I’m currently using the THS1 port and the THS0 port, both of which are causing the system to automatically enter the BIOS.

These are serial consoles and not available for other purposes:

  • crw--w---- 1 root tty 238, 0 May 8 21:10 /dev/ttyTHS0
  • crw--w---- 1 root tty 237, 0 May 8 21:10 /dev/ttyTCU0

The others are available. I would expect that if /dev/ttyTCU0 exists, then it would be a serial console. At times I would expect /dev/ttyTHS0 to be either a serial console or some other function. I would not expect both ttyTCU0 and ttyTHS0 to both be serial console.

This part of your APPEND line of extlinux.conf is why (at least for part of boot) ttyTHS0 is a serial console (but this isn’t the whole story):

Keep in mind that the boot chain is its own operating system on bare metal. When the Linux kernel loads it overwrites the boot chain and inherits the environment, and this officially is running Linux and is no longer running the boot chain. Configuration to enable or disable can be different in either stage. Because it is during boot stage that boot is halting we don’t really care about the Linux stage (at least at first). Once in Linux there is also the systemd service, and you would probably care due to garbage in and out from attempts to log in to the console not knowing this is what your application on serial is doing, but once in Linux, there is no more halting of boot via that device.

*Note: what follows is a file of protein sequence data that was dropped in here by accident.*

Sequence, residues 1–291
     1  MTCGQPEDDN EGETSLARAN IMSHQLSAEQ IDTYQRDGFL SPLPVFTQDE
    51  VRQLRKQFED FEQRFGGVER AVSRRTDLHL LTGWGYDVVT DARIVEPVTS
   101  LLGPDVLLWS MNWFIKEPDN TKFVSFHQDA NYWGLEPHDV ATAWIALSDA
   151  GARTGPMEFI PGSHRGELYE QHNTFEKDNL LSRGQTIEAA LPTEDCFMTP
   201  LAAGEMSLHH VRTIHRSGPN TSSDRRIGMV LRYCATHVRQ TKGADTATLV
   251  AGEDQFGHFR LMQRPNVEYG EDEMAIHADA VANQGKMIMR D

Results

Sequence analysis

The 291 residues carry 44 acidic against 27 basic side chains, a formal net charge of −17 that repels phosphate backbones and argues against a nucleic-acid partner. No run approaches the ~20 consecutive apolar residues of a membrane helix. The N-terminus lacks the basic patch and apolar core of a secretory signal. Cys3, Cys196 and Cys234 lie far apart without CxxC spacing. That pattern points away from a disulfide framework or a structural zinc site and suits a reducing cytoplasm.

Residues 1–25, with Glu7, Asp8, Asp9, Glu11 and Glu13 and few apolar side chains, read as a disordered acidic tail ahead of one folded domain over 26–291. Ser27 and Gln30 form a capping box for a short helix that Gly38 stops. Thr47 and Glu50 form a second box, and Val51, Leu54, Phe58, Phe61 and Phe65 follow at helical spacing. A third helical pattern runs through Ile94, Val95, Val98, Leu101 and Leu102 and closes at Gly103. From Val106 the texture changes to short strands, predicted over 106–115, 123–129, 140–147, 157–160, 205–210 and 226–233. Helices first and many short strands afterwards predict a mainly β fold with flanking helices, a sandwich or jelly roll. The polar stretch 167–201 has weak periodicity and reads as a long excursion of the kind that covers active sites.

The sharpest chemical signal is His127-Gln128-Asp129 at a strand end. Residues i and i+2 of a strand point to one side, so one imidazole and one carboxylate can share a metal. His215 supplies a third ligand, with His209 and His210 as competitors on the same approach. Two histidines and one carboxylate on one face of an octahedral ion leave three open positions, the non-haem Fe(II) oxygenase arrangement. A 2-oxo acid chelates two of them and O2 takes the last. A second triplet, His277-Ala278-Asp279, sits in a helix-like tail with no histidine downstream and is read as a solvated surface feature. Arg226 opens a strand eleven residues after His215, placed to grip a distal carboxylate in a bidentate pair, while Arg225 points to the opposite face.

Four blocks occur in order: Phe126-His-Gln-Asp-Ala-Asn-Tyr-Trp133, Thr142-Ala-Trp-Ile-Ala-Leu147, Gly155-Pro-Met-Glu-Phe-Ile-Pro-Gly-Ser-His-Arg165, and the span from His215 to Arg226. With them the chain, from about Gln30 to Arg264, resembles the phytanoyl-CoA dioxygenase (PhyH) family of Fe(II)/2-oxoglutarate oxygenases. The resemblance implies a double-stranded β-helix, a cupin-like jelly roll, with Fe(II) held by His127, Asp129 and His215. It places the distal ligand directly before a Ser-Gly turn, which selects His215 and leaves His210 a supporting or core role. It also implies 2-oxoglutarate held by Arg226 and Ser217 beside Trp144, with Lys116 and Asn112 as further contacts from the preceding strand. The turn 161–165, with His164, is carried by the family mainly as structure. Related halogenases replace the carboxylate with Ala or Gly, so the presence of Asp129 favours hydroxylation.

You do not need to remove the ttyTCU0 from serial console. However, I am confused how ttyTHS0 became a serial console in boot stages. You will need to disable serial console over ttyTHS0 during both boot and once in Linux if you want to use this for your own purposes.

Could you provide more specific instructions? I’m still quite confused about how to proceed in order to resolve this issue.

This isn’t normal, so I couldn’t answer. Was there any modification of the flash software, or the boot software? It is expected that ttyTCU0 is owned by group tty, but the only way that ttyTHS0 became group tty is if something put a console on that UART. Perhaps if you had the wrong device tree, e.g., if you used the NVIDIA flash software on a third party carrier board, this might happen. You could always back up the eMMC or SD card, and flash again, but I’m puzzled that the wrong UART is serial console in addition to the correct UART.

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Please try to remove console=tty0 in APPEND of your extlinux.conf.

When I followed your method to remove ‘console=tty0’, I tried the ‘reboot’ command, but still couldn’t start normally (at this time, my flight control device is connected to the THS0 port).

Could you also try to remove nvgetty.service and check if it could help for your case?

$ sudo systemctl stop nvgetty.service
$ sudo systemctl disable nvgetty.service
$ sudo rm /etc/systemd/system/nvgetty.service

If no, you can refer to the following thread to disable the feature to prevent it entering into UEFI menu.
Close or hide UEFI menu - #3 by KevinFFF